Senior Labour Party figures past and present have paid tribute to Frank Dobson at the former health secretary's funeral.
Mr Dobson, who served as MP for the constituency of Holborn and St Pancras for 36 years, passed away last month aged 79 following a long-standing illness.
The Yorkshireman was remembered as an "amazing man" by mourners at St Pancras Church in north London on Monday.
A host of high-profile Labour figures attended the service to pay their respects, including party leader Jeremy Corbyn and former prime minister Tony Blair.
Joining them were ex-Labour leaders Lord Kinnock and Ed Miliband, shadow chancellor John McDonnell, mayor of Greater Manchester Andy Burnham and London mayor Sadiq Khan.
Speaking ahead of the service, Mr Miliband described Mr Dobson as "an amazing man with deep Labour values" who had "great achievements" from his time in government.
Mr Miliband said Mr Dobson was a "one-of-a-kind person" with a "fantastic sense of humour".
Shadow foreign secretary Emily Thornberry also said before the service that Mr Dobson was a "good friend" who had supported her when her mother died while she and Mr Dobson worked on a committee together.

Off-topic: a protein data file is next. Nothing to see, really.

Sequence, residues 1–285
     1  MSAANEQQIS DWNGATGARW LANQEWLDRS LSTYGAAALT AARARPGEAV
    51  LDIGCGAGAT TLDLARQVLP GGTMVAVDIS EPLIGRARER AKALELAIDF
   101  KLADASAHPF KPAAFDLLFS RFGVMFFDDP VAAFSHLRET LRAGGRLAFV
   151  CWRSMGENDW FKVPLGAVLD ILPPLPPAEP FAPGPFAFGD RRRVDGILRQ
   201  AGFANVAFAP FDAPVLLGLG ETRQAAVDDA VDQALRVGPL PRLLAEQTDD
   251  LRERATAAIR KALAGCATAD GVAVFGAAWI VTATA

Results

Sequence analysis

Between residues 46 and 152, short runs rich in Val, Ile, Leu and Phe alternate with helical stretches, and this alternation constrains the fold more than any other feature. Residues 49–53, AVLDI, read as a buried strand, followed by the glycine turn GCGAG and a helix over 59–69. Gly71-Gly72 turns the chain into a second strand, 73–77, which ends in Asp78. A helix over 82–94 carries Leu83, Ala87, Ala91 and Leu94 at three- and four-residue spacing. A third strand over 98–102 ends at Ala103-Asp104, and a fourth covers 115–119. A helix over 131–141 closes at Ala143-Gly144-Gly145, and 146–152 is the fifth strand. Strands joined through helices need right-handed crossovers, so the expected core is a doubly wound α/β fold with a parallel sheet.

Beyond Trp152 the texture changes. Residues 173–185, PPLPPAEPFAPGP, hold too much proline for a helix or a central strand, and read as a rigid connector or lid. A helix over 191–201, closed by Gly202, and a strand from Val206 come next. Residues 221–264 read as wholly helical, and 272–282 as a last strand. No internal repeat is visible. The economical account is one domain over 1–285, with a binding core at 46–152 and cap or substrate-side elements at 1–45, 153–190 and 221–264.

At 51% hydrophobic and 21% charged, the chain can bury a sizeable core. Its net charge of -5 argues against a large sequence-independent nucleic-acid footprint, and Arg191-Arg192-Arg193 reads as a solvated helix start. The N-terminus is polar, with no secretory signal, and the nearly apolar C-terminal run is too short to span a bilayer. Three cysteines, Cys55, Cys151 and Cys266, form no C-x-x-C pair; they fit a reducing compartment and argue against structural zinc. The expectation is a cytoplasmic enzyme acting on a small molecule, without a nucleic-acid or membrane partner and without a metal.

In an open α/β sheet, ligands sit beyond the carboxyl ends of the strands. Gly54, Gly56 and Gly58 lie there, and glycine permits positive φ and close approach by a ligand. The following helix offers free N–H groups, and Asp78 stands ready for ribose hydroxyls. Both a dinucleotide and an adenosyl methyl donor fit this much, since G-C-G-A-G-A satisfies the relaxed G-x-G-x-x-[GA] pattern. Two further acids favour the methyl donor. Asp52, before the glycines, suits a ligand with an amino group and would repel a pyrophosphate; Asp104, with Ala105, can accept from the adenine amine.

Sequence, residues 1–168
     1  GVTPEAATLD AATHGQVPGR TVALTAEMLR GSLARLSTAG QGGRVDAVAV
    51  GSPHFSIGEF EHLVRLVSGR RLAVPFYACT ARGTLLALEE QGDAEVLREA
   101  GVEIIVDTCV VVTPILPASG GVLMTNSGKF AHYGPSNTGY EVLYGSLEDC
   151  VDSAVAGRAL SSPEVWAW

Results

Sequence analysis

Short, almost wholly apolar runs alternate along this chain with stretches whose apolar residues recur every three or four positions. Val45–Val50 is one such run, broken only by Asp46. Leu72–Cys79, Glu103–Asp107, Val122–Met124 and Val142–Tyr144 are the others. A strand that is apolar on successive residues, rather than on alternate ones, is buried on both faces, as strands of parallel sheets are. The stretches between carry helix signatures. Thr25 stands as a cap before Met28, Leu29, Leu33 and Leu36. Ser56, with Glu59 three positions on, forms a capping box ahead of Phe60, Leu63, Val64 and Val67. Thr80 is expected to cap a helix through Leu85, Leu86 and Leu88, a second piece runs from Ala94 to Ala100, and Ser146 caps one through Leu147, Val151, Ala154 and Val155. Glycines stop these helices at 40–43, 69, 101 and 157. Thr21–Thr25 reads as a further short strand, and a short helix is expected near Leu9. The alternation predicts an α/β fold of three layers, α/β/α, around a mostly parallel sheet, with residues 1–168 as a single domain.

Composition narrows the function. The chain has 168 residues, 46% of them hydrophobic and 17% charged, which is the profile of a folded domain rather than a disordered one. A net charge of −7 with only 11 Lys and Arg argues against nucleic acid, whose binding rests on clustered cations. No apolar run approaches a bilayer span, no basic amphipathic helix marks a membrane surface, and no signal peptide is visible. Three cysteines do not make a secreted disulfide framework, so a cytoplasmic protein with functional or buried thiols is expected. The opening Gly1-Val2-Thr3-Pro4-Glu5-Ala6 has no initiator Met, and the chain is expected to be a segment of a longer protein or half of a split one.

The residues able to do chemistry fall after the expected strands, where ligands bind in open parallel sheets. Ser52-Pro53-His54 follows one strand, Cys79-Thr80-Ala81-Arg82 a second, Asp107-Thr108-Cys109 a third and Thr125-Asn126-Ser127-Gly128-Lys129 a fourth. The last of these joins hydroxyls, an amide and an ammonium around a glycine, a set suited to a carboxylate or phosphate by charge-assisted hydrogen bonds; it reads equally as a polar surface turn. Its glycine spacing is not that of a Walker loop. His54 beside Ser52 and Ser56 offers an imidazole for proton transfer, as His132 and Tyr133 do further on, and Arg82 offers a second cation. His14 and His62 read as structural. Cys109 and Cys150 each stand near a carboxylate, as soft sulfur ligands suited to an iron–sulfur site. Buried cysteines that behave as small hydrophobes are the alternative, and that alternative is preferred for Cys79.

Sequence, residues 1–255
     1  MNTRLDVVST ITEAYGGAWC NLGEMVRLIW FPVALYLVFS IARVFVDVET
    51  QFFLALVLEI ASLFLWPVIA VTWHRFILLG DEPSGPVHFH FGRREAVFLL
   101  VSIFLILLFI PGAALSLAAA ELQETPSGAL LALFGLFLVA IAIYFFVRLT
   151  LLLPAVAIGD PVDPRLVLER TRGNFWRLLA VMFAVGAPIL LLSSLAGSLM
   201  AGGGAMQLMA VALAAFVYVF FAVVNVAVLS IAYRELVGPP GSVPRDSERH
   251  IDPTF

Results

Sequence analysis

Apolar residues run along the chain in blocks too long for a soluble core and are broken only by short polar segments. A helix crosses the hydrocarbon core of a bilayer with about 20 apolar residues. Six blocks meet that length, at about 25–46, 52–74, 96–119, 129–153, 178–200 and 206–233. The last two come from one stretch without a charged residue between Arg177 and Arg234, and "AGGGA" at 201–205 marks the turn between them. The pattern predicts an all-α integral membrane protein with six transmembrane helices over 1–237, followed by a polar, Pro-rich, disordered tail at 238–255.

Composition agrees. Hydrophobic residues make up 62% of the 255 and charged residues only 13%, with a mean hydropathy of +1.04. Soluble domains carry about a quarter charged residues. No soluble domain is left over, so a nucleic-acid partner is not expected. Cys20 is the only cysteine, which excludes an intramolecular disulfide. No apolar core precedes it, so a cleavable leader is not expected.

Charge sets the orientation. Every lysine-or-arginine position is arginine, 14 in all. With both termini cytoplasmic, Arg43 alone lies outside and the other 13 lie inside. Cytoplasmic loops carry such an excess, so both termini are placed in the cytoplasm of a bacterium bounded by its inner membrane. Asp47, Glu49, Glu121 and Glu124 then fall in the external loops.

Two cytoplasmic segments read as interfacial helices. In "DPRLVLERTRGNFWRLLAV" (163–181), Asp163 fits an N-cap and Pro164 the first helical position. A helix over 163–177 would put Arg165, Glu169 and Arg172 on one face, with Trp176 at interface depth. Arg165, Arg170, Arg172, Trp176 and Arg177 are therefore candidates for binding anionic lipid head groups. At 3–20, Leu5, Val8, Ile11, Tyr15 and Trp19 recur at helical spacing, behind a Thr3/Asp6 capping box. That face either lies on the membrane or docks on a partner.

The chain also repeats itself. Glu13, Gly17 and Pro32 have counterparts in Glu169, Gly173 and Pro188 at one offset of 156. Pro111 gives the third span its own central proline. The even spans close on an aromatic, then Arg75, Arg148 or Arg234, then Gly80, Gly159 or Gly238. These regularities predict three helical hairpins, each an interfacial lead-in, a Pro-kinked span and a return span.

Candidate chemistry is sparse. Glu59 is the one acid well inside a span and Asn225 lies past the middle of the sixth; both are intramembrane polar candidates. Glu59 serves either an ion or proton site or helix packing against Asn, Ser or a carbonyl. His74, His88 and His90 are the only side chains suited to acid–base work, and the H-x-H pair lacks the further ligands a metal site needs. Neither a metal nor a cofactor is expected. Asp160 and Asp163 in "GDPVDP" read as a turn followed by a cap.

"He took me, upset, and sat me at a table outside and just talked to me about grief and how to handle it," she said.
A hushed silence fell over the large congregation that packed out the church on Monday as Mr Dobson's coffin was carried in, followed by his family.
Among the flowers laid on top of the coffin were some red roses, a symbol of the Labour Party.
Funeral attendees sang the hymn Jerusalem and listened to a reading from Shakespeare's play Cymbeline read by Oscar-winning actress and former Labour MP Glenda Jackson.
Those inside the church were also joined together in singing a rendition of I'm Forever Blowing Bubbles in honour of Mr Dobson's support for West Ham United FC.
In an emotional and often humorous eulogy, Mr Dobson's son Tom remembered his father as "kind and warm as well as pugnacious" and "relentless and resilient".
He praised his parents for creating an "extraordinarily happy" home as he grew up and for providing him and his siblings with "unconditional love".
Tom Dobson said his father was a believer in "collective action" and a "lifelong anti-racist" whose "politics was both radical and practical".
As MP for a diverse London seat, he witnessed "tensions and difficulties" but saw a common "solidarity" among constituents, his son said.
"He tried to serve them all equally and never bowed to prejudice," he added.
Tributes were also made in church by shadow Brexit secretary Sir Keir Starmer QC, who took over Mr Dobson's parliamentary seat in 2015, and IVF pioneer Professor Robert Winston.
Former Labour home secretary Jack Straw said before the service: "He was a great friend and a fantastic MP for St Pancras and a man with an outrageous sense of humour."
Speaking afterwards former Labour shadow Chancellor Ed Balls said Mr Dobson was "a brilliant health secretary" who was "passionate and very determined".